Harry Potter wasn’t the only one after the philosopher’s stone.
Isaac Newton’s recently discovered manuscript is his handwritten copy of mid-17th-century Harvard alchemist George Starkey’s procedure for producing “sophick mercury,” a substance seen as a main ingredient for the philosopher’s stone, a fabled stone used in alchemy.
The document had been in private hands for most of the 20th century. The Chemical Heritage Foundation, a nonprofit based in Philadelphia, acquired the 17th-century document through an auction in February.
“The significance of the manuscript is that it helps us understand Newton’s alchemical reading — especially of his favorite author — and gives us evidence of one more of his laboratory procedures,” said James Voelkel, curator of rare books at the Chemical Heritage Foundation’s Othmer Library of Chemical History.
Newton, who established the law of universal gravitation and is considered a father of physics, also studied alchemy extensively. It is estimated that he wrote 1 million words in notes on alchemy during his lifetime.
Alchemy, also known as “chymistry,” was a predecessor of chemistry that attempted to convert base metals into gold. Alchemists believed adding a molten base material, such as lead, to a small bit of philosopher’s stone would turn the material into an entirely different element. It would transform from being a waxy, red substance to being a noble metal, such as gold.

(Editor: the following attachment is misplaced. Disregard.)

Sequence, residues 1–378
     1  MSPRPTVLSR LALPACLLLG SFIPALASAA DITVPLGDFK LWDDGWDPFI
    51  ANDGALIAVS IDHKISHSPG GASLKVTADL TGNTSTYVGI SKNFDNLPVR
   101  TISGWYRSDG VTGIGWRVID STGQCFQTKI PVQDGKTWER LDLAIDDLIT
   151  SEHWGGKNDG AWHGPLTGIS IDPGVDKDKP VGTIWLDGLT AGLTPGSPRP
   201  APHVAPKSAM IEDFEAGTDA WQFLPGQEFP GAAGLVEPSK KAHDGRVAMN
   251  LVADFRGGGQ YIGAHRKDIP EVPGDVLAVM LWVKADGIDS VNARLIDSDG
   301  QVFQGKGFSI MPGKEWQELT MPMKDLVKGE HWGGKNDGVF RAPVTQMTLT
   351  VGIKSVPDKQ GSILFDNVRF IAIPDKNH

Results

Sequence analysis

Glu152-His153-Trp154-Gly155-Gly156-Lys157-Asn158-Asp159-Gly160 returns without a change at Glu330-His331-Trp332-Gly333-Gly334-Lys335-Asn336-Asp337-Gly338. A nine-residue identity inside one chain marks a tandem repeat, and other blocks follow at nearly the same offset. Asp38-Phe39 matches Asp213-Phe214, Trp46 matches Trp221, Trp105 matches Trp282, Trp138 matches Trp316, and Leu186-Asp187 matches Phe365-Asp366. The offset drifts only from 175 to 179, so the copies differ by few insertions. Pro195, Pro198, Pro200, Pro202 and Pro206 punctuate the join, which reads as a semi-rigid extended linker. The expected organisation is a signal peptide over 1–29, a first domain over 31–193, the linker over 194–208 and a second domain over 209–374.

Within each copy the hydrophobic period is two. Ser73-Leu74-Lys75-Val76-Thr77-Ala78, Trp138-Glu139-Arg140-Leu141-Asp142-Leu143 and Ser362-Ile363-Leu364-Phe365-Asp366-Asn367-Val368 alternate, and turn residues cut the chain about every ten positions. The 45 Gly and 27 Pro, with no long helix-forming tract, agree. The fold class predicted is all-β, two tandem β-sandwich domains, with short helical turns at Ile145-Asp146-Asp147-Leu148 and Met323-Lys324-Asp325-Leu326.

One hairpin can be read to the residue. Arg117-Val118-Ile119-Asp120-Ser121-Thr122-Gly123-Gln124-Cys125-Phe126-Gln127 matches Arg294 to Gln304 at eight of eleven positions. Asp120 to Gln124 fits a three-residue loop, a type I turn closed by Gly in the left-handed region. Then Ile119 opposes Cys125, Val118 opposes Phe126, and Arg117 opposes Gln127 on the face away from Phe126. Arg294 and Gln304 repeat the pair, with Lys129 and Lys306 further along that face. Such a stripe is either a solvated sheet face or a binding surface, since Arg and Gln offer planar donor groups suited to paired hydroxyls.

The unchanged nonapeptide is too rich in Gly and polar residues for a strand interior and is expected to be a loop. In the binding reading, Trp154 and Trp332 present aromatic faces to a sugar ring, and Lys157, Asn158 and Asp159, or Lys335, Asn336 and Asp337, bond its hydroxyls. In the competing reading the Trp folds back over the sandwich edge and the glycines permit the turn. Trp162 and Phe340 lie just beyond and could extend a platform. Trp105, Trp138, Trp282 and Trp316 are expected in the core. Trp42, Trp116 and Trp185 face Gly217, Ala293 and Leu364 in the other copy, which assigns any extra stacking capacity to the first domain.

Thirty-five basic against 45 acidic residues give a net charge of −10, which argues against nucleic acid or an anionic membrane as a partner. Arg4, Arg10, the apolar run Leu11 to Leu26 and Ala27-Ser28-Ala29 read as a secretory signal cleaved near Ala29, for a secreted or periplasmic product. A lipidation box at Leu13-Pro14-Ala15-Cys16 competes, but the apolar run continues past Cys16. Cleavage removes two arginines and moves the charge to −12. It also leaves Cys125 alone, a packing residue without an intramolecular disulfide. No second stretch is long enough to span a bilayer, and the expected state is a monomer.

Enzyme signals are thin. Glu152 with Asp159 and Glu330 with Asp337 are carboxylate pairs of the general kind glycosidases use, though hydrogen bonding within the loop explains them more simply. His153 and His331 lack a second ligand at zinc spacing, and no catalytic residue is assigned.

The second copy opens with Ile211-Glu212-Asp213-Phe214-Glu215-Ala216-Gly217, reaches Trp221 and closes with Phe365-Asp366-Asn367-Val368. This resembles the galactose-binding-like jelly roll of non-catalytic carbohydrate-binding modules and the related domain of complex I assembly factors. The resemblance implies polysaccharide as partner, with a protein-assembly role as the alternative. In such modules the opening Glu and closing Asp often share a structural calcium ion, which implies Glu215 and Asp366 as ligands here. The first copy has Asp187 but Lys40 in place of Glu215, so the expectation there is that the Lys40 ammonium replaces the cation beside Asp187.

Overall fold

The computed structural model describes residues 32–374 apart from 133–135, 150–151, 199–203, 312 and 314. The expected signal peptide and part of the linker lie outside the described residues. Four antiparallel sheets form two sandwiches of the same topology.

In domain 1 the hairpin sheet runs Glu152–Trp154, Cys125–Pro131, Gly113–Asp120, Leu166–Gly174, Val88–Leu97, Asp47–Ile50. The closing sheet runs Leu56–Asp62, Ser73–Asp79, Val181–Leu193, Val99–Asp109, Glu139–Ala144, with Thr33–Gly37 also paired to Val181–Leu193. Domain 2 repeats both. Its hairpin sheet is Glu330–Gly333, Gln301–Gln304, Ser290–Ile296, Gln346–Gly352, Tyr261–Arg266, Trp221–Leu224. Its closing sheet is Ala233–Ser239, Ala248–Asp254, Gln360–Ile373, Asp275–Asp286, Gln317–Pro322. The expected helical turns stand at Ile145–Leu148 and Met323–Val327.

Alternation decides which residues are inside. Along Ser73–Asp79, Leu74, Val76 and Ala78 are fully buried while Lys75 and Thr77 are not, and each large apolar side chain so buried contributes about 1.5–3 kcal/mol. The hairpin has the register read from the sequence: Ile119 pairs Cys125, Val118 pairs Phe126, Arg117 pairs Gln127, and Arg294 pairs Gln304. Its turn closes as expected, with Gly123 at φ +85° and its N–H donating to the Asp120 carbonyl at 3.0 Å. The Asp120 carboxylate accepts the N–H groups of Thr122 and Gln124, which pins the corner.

Newton’s interest in alchemy is not widely known, as alchemy is usually dismissed as pseudoscience. Around the time of Newton’s death, professional chemists “rebranded” chemistry, relegating gold-making to an enterprise now derogatorily labeled alchemy and keeping the respectable parts in what we now understand as chemistry, Voelkel said.
“The fact that we still view alchemy with derision is a reflection of how effective that 18th-century rebranding was,” he said.
Alchemists were capable of many important manipulations of matter, such as separating gold and silver from an alloy. In the context of his time, changing lead into gold could have told Newton something about how matter is composed, Voelkel said.
We can’t say that Newton’s experiments in alchemy influenced his theory of gravity, Voelek said. But he clearly approached alchemy and physics in a similar way.